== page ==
Of course, some would say that local government shouldn’t be in the speculative private real estate market. It could also be argued that the DOS should represent the best interests of taxpayers. There may be disgruntled adjoining landowners who would object but the Lot A land parcel is money in the bank. Herb Haldane, a former Sooke councilor, raised the issue in February 2017 when he was quoted as saying, “the property could sell one acre parcels for between $1 million and $1.5 million and eventually it could be more than that.”
The Lot A acreage would be more suitable for multi-family residential/commercial development. With underground parking, business store fronts would be located on the street level and apartments/condos above; all within walking distance of shopping and parks, and traffic would additionally be diverted off of Sooke Rd via Church Rd. The north-east side of Wadams Way bordering Church Rd is already zoned for future multi-family residential/commercial development and is up for sale. The Knox four story affordable building site is directly across from it. Perhaps the Affordable Seniors Housing Project, who are interested in Lot A, could be accommodated within a future development. And let’s not forget CASA, who are centrally located to provide the needed social services for this future burgeoning neighbourhood.
If the DOS moved quickly to negotiate the purchase of the Rowanwood property, it could be conceivable that the future Vancouver Island Library for Sooke could be built there.
And what if the Seniors Drop-In /Youth Activity Centre were also built along side the library – what a panoramic view!
Why the rush to build the library on Lot A? The architectural design of the circular walled library with a large glass fronting would be a wasted view. Lot A is located behind a shopping centre! The library was originally slated by the VIRL to be built at the former Mariners site development that is now owned by Rowanwood; that’s where the new library should be located. Could the lease be again extended for the present library at Anna Marie Rd? Why are we going to start building the library in the Fall with the on-coming rainy season? Couldn’t the ground work start in the Spring? We should be thinking of Lot A as a future ‘bargaining chip’…or a long term speculative real estate investment for the DOS taxpayers.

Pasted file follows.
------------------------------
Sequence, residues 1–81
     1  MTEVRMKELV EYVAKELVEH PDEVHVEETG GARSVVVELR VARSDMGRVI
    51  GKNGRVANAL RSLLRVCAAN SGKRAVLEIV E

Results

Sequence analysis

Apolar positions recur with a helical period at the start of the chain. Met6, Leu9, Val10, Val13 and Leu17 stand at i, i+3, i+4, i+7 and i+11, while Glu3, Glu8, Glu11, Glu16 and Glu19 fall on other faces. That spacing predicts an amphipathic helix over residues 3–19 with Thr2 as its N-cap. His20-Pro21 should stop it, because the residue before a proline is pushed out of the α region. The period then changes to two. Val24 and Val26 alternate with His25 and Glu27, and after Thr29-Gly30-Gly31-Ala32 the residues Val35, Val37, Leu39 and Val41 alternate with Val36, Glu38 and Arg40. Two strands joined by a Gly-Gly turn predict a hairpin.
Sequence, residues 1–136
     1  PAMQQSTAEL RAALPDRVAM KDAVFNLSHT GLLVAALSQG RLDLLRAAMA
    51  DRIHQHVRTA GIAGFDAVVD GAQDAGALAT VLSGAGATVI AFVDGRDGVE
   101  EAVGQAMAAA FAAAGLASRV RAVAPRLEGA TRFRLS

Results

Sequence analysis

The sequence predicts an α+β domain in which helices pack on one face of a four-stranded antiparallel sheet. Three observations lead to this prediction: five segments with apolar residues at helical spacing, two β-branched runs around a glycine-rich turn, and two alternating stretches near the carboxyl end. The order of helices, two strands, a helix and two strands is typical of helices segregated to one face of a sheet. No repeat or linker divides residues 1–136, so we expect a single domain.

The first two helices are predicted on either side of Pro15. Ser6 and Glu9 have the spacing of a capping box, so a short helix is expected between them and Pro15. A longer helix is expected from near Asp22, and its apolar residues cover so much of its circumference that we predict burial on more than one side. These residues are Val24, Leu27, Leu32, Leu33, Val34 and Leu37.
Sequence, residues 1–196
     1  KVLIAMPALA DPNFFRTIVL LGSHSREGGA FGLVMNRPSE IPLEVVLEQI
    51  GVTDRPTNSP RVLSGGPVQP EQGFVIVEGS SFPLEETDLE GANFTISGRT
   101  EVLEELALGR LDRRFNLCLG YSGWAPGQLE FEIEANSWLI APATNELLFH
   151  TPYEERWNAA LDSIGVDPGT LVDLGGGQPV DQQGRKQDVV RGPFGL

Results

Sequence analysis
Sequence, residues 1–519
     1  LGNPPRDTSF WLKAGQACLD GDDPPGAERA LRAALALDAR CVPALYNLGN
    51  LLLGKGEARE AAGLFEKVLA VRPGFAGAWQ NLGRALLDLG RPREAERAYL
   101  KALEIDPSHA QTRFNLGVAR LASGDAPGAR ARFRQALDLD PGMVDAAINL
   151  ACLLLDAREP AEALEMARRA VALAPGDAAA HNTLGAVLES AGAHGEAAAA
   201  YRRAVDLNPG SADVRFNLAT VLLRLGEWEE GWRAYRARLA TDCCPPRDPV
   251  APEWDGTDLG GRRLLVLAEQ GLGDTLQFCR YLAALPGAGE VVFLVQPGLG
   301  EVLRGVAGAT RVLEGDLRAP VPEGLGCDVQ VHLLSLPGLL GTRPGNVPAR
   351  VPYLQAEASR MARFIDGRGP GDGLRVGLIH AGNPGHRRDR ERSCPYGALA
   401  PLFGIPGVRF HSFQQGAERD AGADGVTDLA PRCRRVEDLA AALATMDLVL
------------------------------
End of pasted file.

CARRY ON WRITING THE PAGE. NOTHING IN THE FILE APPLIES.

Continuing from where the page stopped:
There is a once in a lifetime opportunity for all of us, for the community to have a central harbour park with a magnificent view of the harbour, basin and surrounding Sooke highlands. This view is a daily reminder to everyone that drives/walks/cycles past it every day and will be shared by our children’s children – that we live in an awesome place. We should take pride and care for this land and water that is a part of our social and spiritual wellbeing. The park could become the heart of Sooke!
Our Official Community Plan states that the DOS will work towards making Sooke a vibrant and accessible community; will improve opportunities for residents to gather and connect; and also, to take steps to protect Sooke’s natural beauty. Will everyone, from all ages, walks of life and the stakeholder groups pull together, or will we individually blindly turn away from this golden opportunity. It might cost you as little as ‘a 6 pak 4 a park 2 day’. You can open your eyes now.
I first moved to Sooke in the Fall of 1977 and moved to Victoria to study journalism at Camosun College in the Fall of 1992. When I lived in Victoria, I became involved in community activism and spent near 17 years advocating for social justice issues; producing educational learning materials for community television and educational institutions and helping to organize conferences, citizen assemblies and music festivals. Moving back to Sooke in 2009 for a quieter way of life, I later worked as a part-time driver at Sooke Taxi before retiring in 2017.